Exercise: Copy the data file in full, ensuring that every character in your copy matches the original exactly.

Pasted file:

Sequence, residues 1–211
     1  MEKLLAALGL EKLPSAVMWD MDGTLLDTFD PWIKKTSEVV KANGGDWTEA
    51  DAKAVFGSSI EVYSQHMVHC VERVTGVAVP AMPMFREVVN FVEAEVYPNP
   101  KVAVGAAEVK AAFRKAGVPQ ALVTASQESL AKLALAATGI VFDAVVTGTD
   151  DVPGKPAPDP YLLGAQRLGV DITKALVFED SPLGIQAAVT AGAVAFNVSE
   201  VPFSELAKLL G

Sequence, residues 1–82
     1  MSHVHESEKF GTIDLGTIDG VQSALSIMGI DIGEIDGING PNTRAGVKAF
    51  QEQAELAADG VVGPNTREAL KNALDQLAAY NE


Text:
Sequence, residues 1–211
     1  MEKLLAALGL EKLPSAVMWD MDGTLLDTFD PWIKKTSEVV KANGGDWTEA
    51  DAKAVFGSSI EVYSQHMVHC VERVTGVAVP AMPMFREVVN FVEAEVYPNP
   101  KVAVGAAEVK AAFRKAGVPQ ALVTASQESL AKLALAATGI VFDAVVTGTD
   151  DVPGKPAPDP YLLGAQRLGV DITKALVFED SPLGIQAAVT AGAVAFNVSE
   201  VPFSELAKLL G

Sequence, residues 1–82
     1  MSHVHESEKF GTIDLGTIDG VQSALSIMGI DIGEIDGING PNTRAGVKAF
    51  QEQAELAADG VVGPNTREAL KNALDQLAAY NE